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Old 01-05-2010, 01:29 AM   #1
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moving forward in my career (software developer)

Edit: Oops. Sorry if this is in the wrong forum. I meant to post it in the general forums, yet somehow it ended up here. It kind of fits here as well I guess.

I am currently trying to move my career forward and am not having much luck. So I've come to see if any of you can offer some fresh advice to help me out.

Let me tell you first where I stand in my career to give you an idea of where I'm starting from. I am currently 26 years old and have recently graduated with a bachelors of computer science from university. I would call myself an average student, nothing special, nor anything horrible. Out of university this landed me an ok job as a PHP developer. However I dont want to stagnate in this position scripting junk all day and not ever challenge myself. not to mention i could certainly rant for a while on the things that fall short at my current position (read: being banned from object oriented programming because the boss cant understand it)

I'd like to find a job that
(1) challenges me just the right amount to help me learn and grow but not get overwhelmed in a language I enjoy (hopefully such as C/C++/Java or the like)

(2) is at a company with at least some software design process implemented (agile,xp,etc)

and if that is to much to ask, then I'd at least like to move in that direction.

So that is what I am looking towards and I would love any advice on how to achieve that. Maybe some of you were in my position 5 or 10 years ago and could shed some light on the subject.

I've scoured the internet for job postings that offer what I am looking for, but they are really hard to find. The postings are usually looking for senior or intermediate level programmers with at least 5+ years of experience, or looking for web development script monkeys to make "The next big facebook app" (the job I already have)

I've also considered attending conferences and such, but have never really been, and wouldn't know what to do, or where to even find out about them (I used to see postings every now and then at university, but now I live in a small town.)

Thanks for spending the time to read this, and thanks in advance for any advice you can give.


Last edited by valkrial; 01-05-2010 at 01:49 AM.
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Old 01-05-2010, 03:46 AM   #2
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Post My advice to programmers wishing to advance their careers.

Do what I did. Become a part-time student. That part-time is devoted to furthering your career. Find an interesting masters-degree-program. Make personal contacts at the university, both students and professors and others. Let them know what you are looking for. Many companies are looking for future employees there. And suddenly you might switch your part-time boring job with a part-time exciting one. While working on your next degree. (And the jobs you can get as a master are MUCH more exciting than those you get as a bachelor. And they come more easily.)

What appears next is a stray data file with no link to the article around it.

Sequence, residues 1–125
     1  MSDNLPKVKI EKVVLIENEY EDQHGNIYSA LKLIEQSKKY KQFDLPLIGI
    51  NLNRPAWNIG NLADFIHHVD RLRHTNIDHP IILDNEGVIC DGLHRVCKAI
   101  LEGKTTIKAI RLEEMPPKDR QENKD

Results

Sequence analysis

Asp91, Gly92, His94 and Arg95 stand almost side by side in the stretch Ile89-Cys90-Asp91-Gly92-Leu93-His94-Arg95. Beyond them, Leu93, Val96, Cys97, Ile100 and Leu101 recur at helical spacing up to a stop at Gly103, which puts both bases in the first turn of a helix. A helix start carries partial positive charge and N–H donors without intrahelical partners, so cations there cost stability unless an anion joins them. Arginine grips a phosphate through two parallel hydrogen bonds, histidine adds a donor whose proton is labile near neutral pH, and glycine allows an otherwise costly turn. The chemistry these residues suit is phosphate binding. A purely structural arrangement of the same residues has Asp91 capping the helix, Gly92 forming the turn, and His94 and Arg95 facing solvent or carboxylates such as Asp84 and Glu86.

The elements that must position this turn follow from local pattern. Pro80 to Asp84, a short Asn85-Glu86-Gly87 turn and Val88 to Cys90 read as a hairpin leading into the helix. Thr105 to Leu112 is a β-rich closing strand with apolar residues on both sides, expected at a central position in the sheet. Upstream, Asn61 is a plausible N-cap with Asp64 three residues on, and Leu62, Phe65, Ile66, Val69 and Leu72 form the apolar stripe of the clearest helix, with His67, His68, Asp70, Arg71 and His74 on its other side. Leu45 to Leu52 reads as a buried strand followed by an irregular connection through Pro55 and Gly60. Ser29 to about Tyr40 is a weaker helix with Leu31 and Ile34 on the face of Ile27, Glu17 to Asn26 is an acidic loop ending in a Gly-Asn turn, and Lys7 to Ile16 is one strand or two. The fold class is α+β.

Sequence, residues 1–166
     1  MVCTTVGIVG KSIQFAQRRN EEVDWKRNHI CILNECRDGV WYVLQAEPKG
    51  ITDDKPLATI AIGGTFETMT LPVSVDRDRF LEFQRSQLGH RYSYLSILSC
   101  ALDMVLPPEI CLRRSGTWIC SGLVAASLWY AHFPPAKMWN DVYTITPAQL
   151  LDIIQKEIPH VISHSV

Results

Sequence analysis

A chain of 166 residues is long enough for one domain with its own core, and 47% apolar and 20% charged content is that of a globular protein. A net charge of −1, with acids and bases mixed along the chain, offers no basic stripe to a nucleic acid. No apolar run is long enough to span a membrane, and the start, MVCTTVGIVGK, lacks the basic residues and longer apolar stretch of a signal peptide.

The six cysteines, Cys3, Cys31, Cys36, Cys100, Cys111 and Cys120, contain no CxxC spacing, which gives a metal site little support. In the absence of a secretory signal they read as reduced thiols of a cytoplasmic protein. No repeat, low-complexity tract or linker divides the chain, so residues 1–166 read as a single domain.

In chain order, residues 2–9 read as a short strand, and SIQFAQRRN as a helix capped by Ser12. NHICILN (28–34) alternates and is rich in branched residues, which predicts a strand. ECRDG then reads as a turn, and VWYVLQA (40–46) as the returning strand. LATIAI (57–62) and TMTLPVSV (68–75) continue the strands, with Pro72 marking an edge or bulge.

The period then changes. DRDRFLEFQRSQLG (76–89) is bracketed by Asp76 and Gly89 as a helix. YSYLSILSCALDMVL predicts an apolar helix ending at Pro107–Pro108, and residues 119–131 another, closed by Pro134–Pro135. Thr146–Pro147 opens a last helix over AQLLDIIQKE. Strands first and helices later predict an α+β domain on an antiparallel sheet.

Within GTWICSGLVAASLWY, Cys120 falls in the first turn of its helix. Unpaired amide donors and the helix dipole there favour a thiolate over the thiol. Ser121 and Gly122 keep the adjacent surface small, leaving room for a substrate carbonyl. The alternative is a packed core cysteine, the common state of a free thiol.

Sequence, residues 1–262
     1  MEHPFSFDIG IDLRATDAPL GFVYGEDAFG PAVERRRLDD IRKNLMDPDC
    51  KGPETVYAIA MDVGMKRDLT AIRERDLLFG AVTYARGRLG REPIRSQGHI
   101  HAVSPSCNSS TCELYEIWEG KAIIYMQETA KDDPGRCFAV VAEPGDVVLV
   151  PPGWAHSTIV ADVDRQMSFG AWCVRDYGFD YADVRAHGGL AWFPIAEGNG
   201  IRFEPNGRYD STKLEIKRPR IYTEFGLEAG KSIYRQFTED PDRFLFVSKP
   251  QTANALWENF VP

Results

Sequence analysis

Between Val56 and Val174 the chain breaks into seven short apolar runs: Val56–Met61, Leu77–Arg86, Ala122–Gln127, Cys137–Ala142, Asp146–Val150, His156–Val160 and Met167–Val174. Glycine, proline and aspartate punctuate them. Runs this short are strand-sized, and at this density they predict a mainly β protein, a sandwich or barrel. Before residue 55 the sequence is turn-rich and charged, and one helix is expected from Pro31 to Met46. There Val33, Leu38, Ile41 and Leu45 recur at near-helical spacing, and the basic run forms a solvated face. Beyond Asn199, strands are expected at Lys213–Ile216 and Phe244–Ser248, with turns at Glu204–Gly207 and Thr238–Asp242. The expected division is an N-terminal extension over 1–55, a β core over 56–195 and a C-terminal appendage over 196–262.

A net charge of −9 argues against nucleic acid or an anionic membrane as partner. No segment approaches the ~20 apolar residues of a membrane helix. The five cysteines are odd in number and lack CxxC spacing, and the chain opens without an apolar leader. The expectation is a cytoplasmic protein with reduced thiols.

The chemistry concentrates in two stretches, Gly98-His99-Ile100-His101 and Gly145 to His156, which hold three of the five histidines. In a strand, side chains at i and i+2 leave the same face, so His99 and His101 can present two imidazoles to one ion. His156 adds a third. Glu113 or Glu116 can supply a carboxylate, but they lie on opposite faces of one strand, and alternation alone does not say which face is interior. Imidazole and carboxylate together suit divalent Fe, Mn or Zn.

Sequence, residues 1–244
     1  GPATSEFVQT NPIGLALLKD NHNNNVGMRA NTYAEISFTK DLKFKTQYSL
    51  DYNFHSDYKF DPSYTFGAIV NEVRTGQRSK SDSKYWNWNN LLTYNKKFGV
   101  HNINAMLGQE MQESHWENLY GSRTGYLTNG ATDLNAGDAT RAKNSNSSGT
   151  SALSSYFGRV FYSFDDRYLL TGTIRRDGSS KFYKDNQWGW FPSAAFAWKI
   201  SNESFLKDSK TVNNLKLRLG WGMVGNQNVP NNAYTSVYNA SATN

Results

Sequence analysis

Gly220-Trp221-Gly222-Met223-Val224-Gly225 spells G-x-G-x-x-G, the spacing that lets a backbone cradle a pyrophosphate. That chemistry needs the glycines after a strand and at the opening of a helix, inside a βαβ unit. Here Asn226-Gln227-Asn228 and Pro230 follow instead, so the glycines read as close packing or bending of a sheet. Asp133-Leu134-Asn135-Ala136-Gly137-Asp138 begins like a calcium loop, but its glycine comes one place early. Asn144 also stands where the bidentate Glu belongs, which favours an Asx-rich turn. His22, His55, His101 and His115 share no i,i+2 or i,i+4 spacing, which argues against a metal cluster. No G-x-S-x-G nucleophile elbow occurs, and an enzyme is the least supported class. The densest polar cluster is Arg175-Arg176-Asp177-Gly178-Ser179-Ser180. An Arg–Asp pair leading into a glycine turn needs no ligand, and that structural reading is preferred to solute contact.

Also, a very useful hobby is to broaden your horizon by experimenting with different computer languages with other mindsets / paradigms than what you are used to. Every new language you learn will not only improve your mind and broaden your job opportunities, but will make you a better programmer, capable of utilizing ideas from how things are done in different languages into whatever language(s) you are using. And to better judge which tools (languages) would best be suited to solve which parts of your problems.

I'd suggest Python and Forth to start with. Python is quite powerful, easy to learn and has a syntax not too dissimilar from C, C++ and Java. You will quickly learn to love it. Forth, on the other hand, is extremely simple, easily expansible and encourages a slightly different mindset. Try Forth. Try to make your own Forth-like interpreter (yes, Forth is that simple). Modify it to whatever needs may arise.

After getting some grips on Forth and Python, there are some truly powerful languages waiting for you, i.e. Lisp, ProLog and J. There are other good ones as well, but of those few I have tried / investigated, these seem like a very, very good bunch to master.

I hope this might be of help, and I wish you an interesting future.

PS: Some readers of this post might wish to rant about which languages they would rather suggest. To you I say: please don't, even if you might be right. I know from experience that for some people, choice of language is an emotionally charged issue that can easily spark flame-wars (endless discussions). So please, please don't. At least not here.
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Old 01-09-2010, 02:17 PM   #3
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Thanks for your long and useful post! Assuming a masters includes a thesis, what kinds of stuff would a comp sci thesis paper be on? I've never done much in the way of computer science research.


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